Introduction

The most basic features of galpy are its ability to display rotation curves and perform orbit integration for arbitrary combinations of potentials. This section introduce the most basic features of galpy.potential and galpy.orbit.

Rotation curves

The following code example shows how to initialize a Miyamoto-Nagai disk potential and plot its rotation curve

>>> from galpy.potential import MiyamotoNagaiPotential
>>> mp= MiyamotoNagaiPotential(a=0.5,b=0.0375,normalize=1.)
>>> mp.plotRotcurve(Rrange=[0.01,10.],grid=1001)

The normalize=1. option normalizes the potential such that the radial force is a fraction normalize=1. of the radial force necessary to make the circular velocity 1 at R=1.

Similarly we can initialize other potentials and plot the combined rotation curve

>>> from galpy.potential import NFWPotential, HernquistPotential
>>> mp= MiyamotoNagaiPotential(a=0.5,b=0.0375,normalize=.6)
>>> np= NFWPotential(a=4.5,normalize=.35)
>>> hp= HernquistPotential(a=0.6/8,normalize=0.05)
>>> from galpy.potential import plotRotcurve
>>> plotRotcurve([hp,mp,np],Rrange=[0.01,10.],grid=1001,yrange=[0.,1.2])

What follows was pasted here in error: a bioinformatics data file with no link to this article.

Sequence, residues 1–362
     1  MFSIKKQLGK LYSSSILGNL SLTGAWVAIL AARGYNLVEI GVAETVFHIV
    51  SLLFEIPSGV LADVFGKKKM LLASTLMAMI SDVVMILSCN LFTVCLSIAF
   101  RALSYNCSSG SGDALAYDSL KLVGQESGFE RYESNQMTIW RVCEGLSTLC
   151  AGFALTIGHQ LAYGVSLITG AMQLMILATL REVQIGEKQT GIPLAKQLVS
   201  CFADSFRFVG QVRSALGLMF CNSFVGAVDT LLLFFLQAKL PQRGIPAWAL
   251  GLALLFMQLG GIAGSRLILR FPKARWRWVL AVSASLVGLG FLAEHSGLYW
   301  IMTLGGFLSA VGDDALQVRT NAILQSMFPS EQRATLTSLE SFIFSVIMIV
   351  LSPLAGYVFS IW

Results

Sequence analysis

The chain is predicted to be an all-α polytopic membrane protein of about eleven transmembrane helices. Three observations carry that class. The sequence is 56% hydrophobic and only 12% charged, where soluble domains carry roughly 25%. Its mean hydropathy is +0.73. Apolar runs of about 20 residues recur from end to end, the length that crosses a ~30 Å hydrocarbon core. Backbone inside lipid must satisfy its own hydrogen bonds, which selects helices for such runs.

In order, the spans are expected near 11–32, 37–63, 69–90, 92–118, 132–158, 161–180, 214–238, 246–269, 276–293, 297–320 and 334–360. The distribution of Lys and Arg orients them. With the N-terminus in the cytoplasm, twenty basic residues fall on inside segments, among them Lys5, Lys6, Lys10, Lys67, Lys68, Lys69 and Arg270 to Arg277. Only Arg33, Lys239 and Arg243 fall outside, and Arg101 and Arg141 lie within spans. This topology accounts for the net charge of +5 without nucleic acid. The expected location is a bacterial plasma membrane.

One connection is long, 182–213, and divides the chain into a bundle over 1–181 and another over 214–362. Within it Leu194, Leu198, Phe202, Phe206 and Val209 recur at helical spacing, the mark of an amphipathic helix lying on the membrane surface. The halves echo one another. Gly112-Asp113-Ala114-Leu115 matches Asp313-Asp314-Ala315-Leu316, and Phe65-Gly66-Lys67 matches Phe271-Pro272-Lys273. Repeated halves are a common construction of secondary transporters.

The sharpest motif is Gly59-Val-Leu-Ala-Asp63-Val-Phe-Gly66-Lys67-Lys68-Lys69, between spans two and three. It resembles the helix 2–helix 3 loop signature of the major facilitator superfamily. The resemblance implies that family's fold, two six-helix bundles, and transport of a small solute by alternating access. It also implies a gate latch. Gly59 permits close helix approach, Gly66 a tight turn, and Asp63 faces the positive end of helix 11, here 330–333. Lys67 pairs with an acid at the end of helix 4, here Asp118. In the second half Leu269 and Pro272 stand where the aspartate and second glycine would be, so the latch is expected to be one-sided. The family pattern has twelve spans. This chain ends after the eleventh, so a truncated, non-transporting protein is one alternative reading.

Note that the normalize values add up to 1. such that the circular velocity will be 1 at R=1. The resulting rotation curve is approximately flat. To show the rotation curves of the three components do

>>> mp.plotRotcurve(Rrange=[0.01,10.],grid=1001,overplot=True)
>>> hp.plotRotcurve(Rrange=[0.01,10.],grid=1001,overplot=True)
>>> np.plotRotcurve(Rrange=[0.01,10.],grid=1001,overplot=True)

You’ll see the following

_images/rotcurve.png

As a shortcut the [hp,mp,np] Milky-Way-like potential is defined as

>>> from galpy.potential import MWPotential

This is not the recommended Milky-Way-like potential in galpy. The (currently) recommended Milky-Way-like potential is MWPotential2014:

>>> from galpy.potential import MWPotential2014

MWPotential2014 has a more realistic bulge model and is actually fit to various dynamical constraints on the Milky Way (see here and the galpy paper).